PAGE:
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ethic

[eth-ik] /ˈɛθ ɪk/
noun
1.
the body of moral principles or values governing or distinctive of a particular culture or group:
the Christian ethic; the tribal ethic of the Zuni.
2.
a complex of moral precepts held or rules of conduct followed by an individual:
a personal ethic.
Origin
1350-1400
1350-1400; Middle English ethic, etic < Latin ēthicus < Greek ēthikós, equivalent to êth(os) ethos + -ikos -ic
Related forms
nonethic, adjective

ethics

[eth-iks] /ˈɛθ ɪks/
plural noun
1.
(used with a singular or plural verb) a system of moral principles:
the ethics of a culture.
2.
the rules of conduct recognized in respect to a particular class of human actions or a particular group, culture, etc.:
medical ethics; Christian ethics.
3.
moral principles, as of an individual:
His ethics forbade betrayal of a confidence.
4.
(usually used with a singular verb) that branch of philosophy dealing with values relating to human conduct, with respect to the rightness and wrongness of certain actions and to the goodness and badness of the motives and ends of such actions.
Origin
1400-50; late Middle English ethic + -s3, modeled on Greek tà ēthiká, neuter plural
Synonyms
2. See moral.
Dictionary.com Unabridged
Based on the Random House Dictionary, © Random House, Inc. 2014.
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Examples for ethic
  • The work has already migrated to cheaper more efficient parts of the world where the work ethic actually means something.
  • Many sons and daughters inherited their parents' strict work ethic and went on to brighter futures far from the mill hills.
  • Though these kind of pre extensive ethic concern studies are interesting to read about.
  • It's an ethic that libertarian industry leaders embrace openly.
  • Again, the degree is believed to show the ability to learn and the work ethic to achieve it.
  • People value their strength as well as their work ethic.
  • Americans' puritanical work ethic seems to have been rewarded by a decade of fierce economic growth.
  • All of my coworkers complemented me a lot on my family, morals, and work ethic.
  • Poverty is linked to lack of education and lack of conservation ethic.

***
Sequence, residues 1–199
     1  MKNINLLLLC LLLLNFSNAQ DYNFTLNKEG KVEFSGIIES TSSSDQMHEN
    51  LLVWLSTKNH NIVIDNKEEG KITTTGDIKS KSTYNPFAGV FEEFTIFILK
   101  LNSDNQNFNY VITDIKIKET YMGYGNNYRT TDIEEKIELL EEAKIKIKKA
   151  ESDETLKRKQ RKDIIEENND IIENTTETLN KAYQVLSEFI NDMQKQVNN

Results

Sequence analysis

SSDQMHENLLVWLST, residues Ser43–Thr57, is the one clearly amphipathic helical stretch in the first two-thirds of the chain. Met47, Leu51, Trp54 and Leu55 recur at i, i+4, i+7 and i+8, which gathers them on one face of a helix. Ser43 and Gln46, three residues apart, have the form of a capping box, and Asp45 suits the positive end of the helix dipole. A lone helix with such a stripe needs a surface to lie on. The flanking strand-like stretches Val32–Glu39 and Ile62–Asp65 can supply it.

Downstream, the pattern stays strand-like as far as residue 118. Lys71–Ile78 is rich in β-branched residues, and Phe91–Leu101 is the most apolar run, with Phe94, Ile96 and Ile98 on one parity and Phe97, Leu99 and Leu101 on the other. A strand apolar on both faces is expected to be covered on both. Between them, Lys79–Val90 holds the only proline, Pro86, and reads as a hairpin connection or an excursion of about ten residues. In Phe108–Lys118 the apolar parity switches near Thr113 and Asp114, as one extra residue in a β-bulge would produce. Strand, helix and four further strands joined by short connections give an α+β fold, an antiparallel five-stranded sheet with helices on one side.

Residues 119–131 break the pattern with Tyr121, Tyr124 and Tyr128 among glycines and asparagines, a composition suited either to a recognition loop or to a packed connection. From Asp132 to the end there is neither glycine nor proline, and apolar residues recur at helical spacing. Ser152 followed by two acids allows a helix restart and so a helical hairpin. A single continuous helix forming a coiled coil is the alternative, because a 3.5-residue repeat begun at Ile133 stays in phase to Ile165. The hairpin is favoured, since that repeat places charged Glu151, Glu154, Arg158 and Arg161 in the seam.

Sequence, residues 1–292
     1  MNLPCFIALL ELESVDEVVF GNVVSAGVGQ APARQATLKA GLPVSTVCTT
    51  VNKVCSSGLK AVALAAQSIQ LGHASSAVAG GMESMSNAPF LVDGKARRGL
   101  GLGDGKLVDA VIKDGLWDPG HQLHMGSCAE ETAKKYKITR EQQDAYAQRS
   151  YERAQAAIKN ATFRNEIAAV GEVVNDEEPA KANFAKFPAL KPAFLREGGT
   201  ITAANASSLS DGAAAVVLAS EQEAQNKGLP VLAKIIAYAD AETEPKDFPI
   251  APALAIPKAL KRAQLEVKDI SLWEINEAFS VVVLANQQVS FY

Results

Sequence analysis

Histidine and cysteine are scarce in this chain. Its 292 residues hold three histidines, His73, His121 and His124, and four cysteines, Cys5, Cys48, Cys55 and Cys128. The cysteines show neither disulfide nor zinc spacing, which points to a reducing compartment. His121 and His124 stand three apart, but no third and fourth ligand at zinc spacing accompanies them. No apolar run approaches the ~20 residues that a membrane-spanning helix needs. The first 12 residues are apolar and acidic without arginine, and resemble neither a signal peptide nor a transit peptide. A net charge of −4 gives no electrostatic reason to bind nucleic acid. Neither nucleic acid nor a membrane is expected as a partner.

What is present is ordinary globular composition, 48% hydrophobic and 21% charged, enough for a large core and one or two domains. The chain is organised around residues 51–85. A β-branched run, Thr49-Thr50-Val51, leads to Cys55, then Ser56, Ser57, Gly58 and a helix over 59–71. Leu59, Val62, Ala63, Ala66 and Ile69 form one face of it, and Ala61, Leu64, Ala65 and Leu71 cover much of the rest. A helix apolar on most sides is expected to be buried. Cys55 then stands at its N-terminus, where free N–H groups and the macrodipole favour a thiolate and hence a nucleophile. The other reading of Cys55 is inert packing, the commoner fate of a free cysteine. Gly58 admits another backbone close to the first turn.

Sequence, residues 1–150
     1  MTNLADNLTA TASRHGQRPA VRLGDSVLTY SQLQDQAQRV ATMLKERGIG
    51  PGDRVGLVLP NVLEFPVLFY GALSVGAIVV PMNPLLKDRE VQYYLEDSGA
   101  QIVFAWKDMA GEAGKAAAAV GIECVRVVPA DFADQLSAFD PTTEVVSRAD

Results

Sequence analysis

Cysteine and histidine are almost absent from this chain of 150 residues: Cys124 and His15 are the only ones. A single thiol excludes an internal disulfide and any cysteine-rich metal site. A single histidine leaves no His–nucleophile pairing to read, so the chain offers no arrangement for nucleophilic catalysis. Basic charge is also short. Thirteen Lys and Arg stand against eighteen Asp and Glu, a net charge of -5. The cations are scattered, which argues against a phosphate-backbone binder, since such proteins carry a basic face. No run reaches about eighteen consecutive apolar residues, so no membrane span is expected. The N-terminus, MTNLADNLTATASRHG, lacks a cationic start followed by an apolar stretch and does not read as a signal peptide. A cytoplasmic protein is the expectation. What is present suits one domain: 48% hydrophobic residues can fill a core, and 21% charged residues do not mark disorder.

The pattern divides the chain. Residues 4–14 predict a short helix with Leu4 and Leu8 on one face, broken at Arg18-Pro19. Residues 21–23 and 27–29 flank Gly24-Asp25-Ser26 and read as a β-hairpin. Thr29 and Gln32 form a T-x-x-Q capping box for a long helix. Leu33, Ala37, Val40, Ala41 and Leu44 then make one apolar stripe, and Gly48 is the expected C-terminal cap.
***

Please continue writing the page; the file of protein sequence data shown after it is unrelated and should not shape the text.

• It cannot give us any sort of ethic by which to live life.
British Dictionary definitions for ethic

ethic

/ˈɛθɪk/
noun
1.
a moral principle or set of moral values held by an individual or group the Puritan ethic
adjective
2.
another word for ethical
See also ethics
Word Origin
C15: from Latin ēthicus, from Greek éthikos, from ēthos custom; see ethos

ethics

/ˈɛθɪks/
noun
1.
(functioning as sing) the philosophical study of the moral value of human conduct and of the rules and principles that ought to govern it; moral philosophy See also meta-ethics
2.
(functioning as pl) a social, religious, or civil code of behaviour considered correct, esp that of a particular group, profession, or individual
3.
(functioning as pl) the moral fitness of a decision, course of action, etc he doubted the ethics of their verdict
Derived Forms
ethicist, noun
Collins English Dictionary - Complete & Unabridged 2012 Digital Edition
© William Collins Sons & Co. Ltd. 1979, 1986 © HarperCollins
Publishers 1998, 2000, 2003, 2005, 2006, 2007, 2009, 2012
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Word Origin and History for ethic
ethics
c.1600, "the science of morals," pl. of M.E. ethik "study of morals" (see ethic). The word also traces to Ta Ethika, title of Aristotle's work.
ethic
late 14c., ethik "study of morals," from O.Fr. ethique, from L.L. ethica, from Gk. ethike philosophia "moral philosophy," fem. of ethikos "ethical," from ethos "moral character," related to ethos "custom" (see ethos). Meaning "a person's moral principles," attested from 1650s.
Online Etymology Dictionary, © 2010 Douglas Harper
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ethic in Medicine

ethics eth·ics (ěth'ĭks)
n.
The rules or standards governing the conduct of a person or the conduct of the members of a profession.

The American Heritage® Stedman's Medical Dictionary
Copyright © 2002, 2001, 1995 by Houghton Mifflin Company. Published by Houghton Mifflin Company.
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ethic in Culture

ethics definition


The branch of philosophy that deals with morality. Ethics is concerned with distinguishing between good and evil in the world, between right and wrong human actions, and between virtuous and nonvirtuous characteristics of people.

The American Heritage® New Dictionary of Cultural Literacy, Third Edition
Copyright © 2005 by Houghton Mifflin Company.
Published by Houghton Mifflin Company. All rights reserved.
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10
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